I picked this volume up around the time of former President George HW Bush’s funeral. There was a lot of talk about the small club of former presidents and how they only meet on occasions of presidential libraries being open and funerals, and I remember coming across this book time and again so I decided to check it out.

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Bookish and Not-So-Bookish Thoughts

Posted 16 January, 2019 by Lianne in Miscellaneous / 1 Comment

Bookish and Not-So-Bookish Thoughts is a weekly blogging event hosted by Bookishly Boisterous. It allows book bloggers (and non-book bloggers) to write about pretty much anything, bookish or otherwise (i.e. share exciting plans for the weekend, rants on things they’ve encountered during the week, etc.).

  1. Food coma. That is all 😛
  2. In all seriousness, my Christmas holidays was good. Lots of events happening on top of Christmas and New Year’s with family birthdays and then a whole slew of Christmas meet-ups/get-togethers but it was a lot of fun, I was happy to spend my downtime with these people in my life 🙂
  3. And when I wasn’t going out for Christmas lunch or dinner, I was working, hahahaha. I worked Christmas Day and Boxing Day (evening shifts) so that gave me leeway to take New Year’s off. In previous years I have worked New Year’s Day–usually short-shifting from evening to day shift, FML–but this was the first year I actually said Nope, I’m taking time off and spending it with my family. And I did 🙂
  4. Alas, back to the grind now. School resumed this week, sad face. I’m taking three courses this semester and one of them is shaping up to be a bit of a head stomper so yeah, this semester should be fun #cries #sarcasm At least I got the professional course that I wanted (a requirement for my degree) in gerontology (as I already work with the elderly population anyhow).
  5. I’m trying to keep my work schedule to a minimum/whatever’s on my master schedule. It’s going to be tough as we’ve been consistently short-staffed these days and of course there are people moving *tear* But an opportunity sort of came up too within my hospital and I’m trying my hand with it.
  6. Books I’m currently reading: been reading/finishing up Mikhail Zygar’s All the Kremlin’s Men: Inside the Court of Vladimir Putin which has been a fascinating read of recent Russian history and politics. Spent the last two days wholly engrossed with Deborah Harkness’ Time’s Convert so I’m looking at my TBR queue for my next fiction read…Maybe Dominic Smith’s The Last Painting of Sarah de Vos?
  7. In continuation with my project to acquire all my favourite books in hardback, I got Deborah Harkness’ Shadow of Night and The Book of Life recently, which completes my collection of her books in hardback (realised I forgot to add The World of All Souls in that photo, oops). Now I have two books left on the list (Elizabeth Gaskell’s North & South and Ian McEwan’s Atonement in case you were wondering).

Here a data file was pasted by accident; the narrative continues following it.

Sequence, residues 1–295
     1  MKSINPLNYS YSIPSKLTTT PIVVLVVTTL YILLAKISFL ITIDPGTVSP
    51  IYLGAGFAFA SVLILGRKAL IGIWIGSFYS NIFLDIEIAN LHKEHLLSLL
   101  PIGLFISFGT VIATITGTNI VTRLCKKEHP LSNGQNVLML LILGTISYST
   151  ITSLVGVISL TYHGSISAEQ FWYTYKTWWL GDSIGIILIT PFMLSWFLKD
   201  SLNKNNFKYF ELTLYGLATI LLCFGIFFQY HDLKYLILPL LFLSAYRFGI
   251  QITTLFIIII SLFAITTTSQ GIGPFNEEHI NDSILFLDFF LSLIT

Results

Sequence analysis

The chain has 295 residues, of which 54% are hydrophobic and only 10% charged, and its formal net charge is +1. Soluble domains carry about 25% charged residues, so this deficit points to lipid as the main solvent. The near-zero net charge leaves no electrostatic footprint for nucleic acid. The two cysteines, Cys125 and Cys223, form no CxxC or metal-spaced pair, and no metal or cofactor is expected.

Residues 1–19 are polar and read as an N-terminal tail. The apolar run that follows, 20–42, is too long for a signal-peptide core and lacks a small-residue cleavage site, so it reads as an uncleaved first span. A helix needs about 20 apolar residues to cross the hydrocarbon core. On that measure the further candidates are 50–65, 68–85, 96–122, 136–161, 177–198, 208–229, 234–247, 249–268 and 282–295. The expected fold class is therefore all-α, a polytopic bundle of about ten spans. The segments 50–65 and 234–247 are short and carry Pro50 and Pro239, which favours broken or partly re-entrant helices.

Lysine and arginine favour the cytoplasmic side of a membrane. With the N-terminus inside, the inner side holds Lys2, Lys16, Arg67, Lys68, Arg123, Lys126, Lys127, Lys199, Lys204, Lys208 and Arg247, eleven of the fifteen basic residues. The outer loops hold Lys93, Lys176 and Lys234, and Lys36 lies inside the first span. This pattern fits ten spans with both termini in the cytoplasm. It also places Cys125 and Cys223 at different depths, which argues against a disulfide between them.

8. I also spent my time off trying to catch up here and organising myself for projects I want to work on this year. Bit tricky as balancing school and work already takes up a lot of time, and honestly my momentum here has been snail-like at best (even though I’ve said I’m reverting back to blogging casually). It’s hard, half the time I’m wondering if I should just retire my blog altogether. Most of the people I keep in touch with are on my Instagram anyway, and honestly I’ve never had a very big reading audience to begin with. I don’t know, I guess I’ll feel out how this year goes.
  9. Speaking of blogging, yeah, clearly I’m never going to post about my time in Portugal, now am I? I haven’t even pressed to grab a copy of the raws (the photos) from my Dad. Oops.
  10. But hey, my writing projects *fingers crossed*


And that’s it from me! How have you been? Have a lovely week!

9th Annual End of the Year Book Survey

Posted 14 January, 2019 by Lianne in Meme / 1 Comment

Jamie @ Perpetual Page-Turner‘s End of the Year Book Survey is back for 2018! It’s always fun to recap at the end of the year 🙂 To those interested, here’s my previous years’ entries.

Admittedly, and you will see when I list my stats, I didn’t read much in 2018. I was busy with offline matters, and on top of it I was in a fairly major reading slump. Nonetheless I decided to fill out the survey for 2018, haha.

And without further ado:

2018 Reading Stats

Number Of Books You Read:
According to my personal list, 81 books O_O That’s….significantly lower compared to previous years.

Number of Re-Reads:
6 books, lol.

Genre You Read The Most From:
According to Goodreads, poetry was the genre I read the most from, followed by non-fiction (I really got into a non-fiction cick in the latter half of the year).

Best In Books

01. Best Book You Read In 2018? (If you have to cheat — you can break it down by genre if you want or 2018 release vs. backlist)
Neil MacGregor’s Germany: Memories of a Nation, Svetlana Alexievich’s The Unwomanly Face of War, Julia Quinn’s When He Was Wicked, Joseph Stiglitz’s The Euro: How a Common Currency Threatens the Future of Europe, and more…Sense a general trend as to what I read this year? xD